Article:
Dog whining topped the charts as the no1 separation anxiety behaviour according to some research aided by the Danish Animal Welfare Society.
So , if you have been wondering what a dog with separation anxiety does when they are left home alone, this study set out to distinguish the kinds of dog behaviour displayed by dogs and look at what else happened to them during a 4 hour period of time.
Dog whining was used by a whopping 95% of dog to show their anxiety, which is bad news if you have got a dog with separation anxiety and also have neighbors! To make things worse, the study showed clearly that dog whining was closely linked with a dog howling as well , which is not only much louder than whining, the noise also carries over longer distances.
Vocalisation and Destructive Behaviour in Dogs
Video recordings were used to look at the pattern of activity of dogs with separation anxiety problems when left at home alone and divided the dogs behavior into the following separate categories:
- Vocalisation; including barking, howling and whining
- Destruction; including scratching, digging, chewing and ripping objects apart
- Appetite related activities; including sniffing at different objects and nosing under doors
- Displacement activities; including yawning and licking
- Predator behaviour;
Of all the categories analysed, the clearest relationship was between dogs that showed vocalisation and destructive behaviour. This cross over was seen in 80% of the dogs in the study.
Affect of Time on Separation Anxiety Behavior
The dogs activities were plotted against a time chart and the results confirmed that separation anxiety behaviour reached peak intensity soon after the owner left them alone and then customarily reduced exponentially over a period of time.
However, if the dogs fears were reignited by external stimuli (like noise) the time pattern was often reset to the beginning, so the dog took an equal length of time to start to calm down once more. The more sensitive the dog, the less clear the time patterns appeared, which explains why some dogs can continue to bark without ceasing during the day.
Study Dispels 2 Myths about Separation Anxiety in Dogs
Interestingly, the study rounded up by saying that there was no data to show that separation anxiety behaviours were caused by disobedience or boredom. Hopefully this may go some way towards exposing some of the significant myths around separation anxiety in dogs.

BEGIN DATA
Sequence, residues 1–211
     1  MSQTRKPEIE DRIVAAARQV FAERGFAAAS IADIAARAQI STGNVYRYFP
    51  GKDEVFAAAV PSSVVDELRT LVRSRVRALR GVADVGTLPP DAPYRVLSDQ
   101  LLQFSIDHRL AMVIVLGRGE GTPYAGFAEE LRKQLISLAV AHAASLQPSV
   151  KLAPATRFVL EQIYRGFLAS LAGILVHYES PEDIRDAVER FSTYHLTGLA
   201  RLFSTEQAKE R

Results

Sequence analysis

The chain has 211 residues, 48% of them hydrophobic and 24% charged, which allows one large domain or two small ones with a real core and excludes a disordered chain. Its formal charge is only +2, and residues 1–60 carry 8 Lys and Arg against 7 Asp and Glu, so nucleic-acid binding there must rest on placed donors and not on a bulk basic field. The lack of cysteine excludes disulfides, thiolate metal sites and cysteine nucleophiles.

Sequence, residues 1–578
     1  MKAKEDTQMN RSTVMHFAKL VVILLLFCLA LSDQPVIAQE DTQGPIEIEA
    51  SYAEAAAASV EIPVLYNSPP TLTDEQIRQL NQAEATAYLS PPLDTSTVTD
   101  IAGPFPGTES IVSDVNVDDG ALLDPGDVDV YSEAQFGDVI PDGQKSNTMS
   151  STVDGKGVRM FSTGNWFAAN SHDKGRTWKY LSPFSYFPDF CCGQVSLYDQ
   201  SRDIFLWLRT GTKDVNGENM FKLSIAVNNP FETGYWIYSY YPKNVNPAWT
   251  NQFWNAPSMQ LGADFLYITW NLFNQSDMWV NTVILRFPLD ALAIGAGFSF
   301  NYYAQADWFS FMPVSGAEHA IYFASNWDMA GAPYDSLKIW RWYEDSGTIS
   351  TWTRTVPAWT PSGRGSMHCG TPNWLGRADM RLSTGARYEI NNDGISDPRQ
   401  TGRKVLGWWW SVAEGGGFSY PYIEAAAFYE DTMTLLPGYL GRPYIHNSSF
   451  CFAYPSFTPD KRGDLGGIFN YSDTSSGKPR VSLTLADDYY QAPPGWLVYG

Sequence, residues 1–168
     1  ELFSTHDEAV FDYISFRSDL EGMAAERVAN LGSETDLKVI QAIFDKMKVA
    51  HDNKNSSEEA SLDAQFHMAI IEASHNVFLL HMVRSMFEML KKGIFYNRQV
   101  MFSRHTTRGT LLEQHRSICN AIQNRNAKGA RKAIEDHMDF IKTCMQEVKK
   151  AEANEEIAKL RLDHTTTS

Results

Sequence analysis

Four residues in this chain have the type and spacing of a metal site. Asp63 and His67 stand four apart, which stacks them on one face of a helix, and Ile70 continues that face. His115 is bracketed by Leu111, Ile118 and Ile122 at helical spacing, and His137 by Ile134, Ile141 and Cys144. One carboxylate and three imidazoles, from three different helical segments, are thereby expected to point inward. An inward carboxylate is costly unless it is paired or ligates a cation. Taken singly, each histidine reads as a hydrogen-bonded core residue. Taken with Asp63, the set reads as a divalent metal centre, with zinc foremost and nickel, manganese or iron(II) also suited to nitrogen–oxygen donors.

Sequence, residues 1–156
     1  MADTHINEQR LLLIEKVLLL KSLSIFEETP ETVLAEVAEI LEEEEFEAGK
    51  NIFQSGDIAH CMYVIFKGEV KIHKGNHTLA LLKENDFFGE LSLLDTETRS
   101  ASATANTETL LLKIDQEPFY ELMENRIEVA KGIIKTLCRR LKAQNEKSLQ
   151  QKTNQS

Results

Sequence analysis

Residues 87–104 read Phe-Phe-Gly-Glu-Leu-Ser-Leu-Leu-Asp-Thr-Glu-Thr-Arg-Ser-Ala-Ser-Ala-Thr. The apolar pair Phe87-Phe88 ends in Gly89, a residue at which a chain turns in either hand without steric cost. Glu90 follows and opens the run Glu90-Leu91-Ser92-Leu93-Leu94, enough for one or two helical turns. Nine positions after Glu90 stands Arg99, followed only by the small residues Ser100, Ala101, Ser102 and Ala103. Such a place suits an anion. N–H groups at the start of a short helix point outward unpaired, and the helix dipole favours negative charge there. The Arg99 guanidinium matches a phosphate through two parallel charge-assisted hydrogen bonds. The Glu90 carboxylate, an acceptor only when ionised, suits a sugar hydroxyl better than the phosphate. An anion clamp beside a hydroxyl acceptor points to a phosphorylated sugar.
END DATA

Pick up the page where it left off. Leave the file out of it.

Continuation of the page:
For instance, it is quite frequently assumed that boredom is the reason behind a dog’s bad behavior when left home alone. This interpretation leaves many dog owners feeling guilty and thinking they need to heap their dog with interesting toys before they’re going out.
One more reason that you frequently hear from dog owners who come home to destruction and mess, is that their dog does it on purpose, almost to spite them for being left home alone. But if disobedience is not a component in dog separation anxiety behaviour then this reason also starts to seem like another of those myths.
Understanding is not the same as Action
As engaging as studies like this are, and as handy as they are to help us increase our knowledge of separation anxiety in dogs, action is what is needed to stop the anxiety. So if your dog shows any of the symptoms discussed, get yourself a good dog separation anxiety training program and get into action now!
The Author, Venice Marriott found out about dog anxiety first hand with her own rescue dog Sherlock and has been finding out about the effects of anxiety and the most effective methods to reduce anxiety for the last 2 years. Find out more about dog whining and separation anxiety by visiting her blog.
Many dog owners need to know how long they can leave their dog home alone, but despite all of the talk about if it is absolutely fine, or wicked beyond words to leave a dog alone, or whether 2, 4, 6 or more hours are O.K, it is not easy to find any expert prepared to give a definite time.
On the dog forums, lots of different times are talked about and you frequently see viewpoints like ’4 hours are best’ but nobody ever asserts what that figure relies on. Is it a guess? Is it based on years of experience with lots of dogs? Or is it driven by feelings of guilt? It’d be good to see some scientific research done into the topic to take a look at what the short term and long-term effects are on dogs.
It’s Your Judgement Call
Because there’s no answer on the question of time, if it is fair to leave your dog home alone and for how long is a judgement you have to make.
In a world where more and more of us need to work full time, our dogs are usually left out of need rather than choice, so the best we could do is spent quality time with them when we are able to be around them, and make sure they are fine when we can’t.
As our dogs are individuals and will all respond differently to being left alone, we need to work at understanding how they cope with being alone and sort out any problems that come up like separation anxiety in dogs.
Dealing With The Guilt
There are tons of people who want you to feel guilty if you leave your dog for more than even one or two hours. Mention that you’re out at work full time on some of the forums and you could have folk letting you know in no uncertain terms that you do not deserve to have a dog.
The truth is, many of us do feel guilty when we leave our dogs, but that doesn’t help either us or the dog. But, if we can accept that in an ideal world none of us would leave our dogs alone for long, then face up to the undeniable fact that few of us live in an ideal world and make the absolute best job of it we are able to, we ought to be able to live with our conscience.
Author Venice Marriott is a writer and dog owner and runs a Dog Anxiety website, which provides help and information for dog owners dealing with dog anxiety. Get more information about leaving dogs home alone when you visit the site.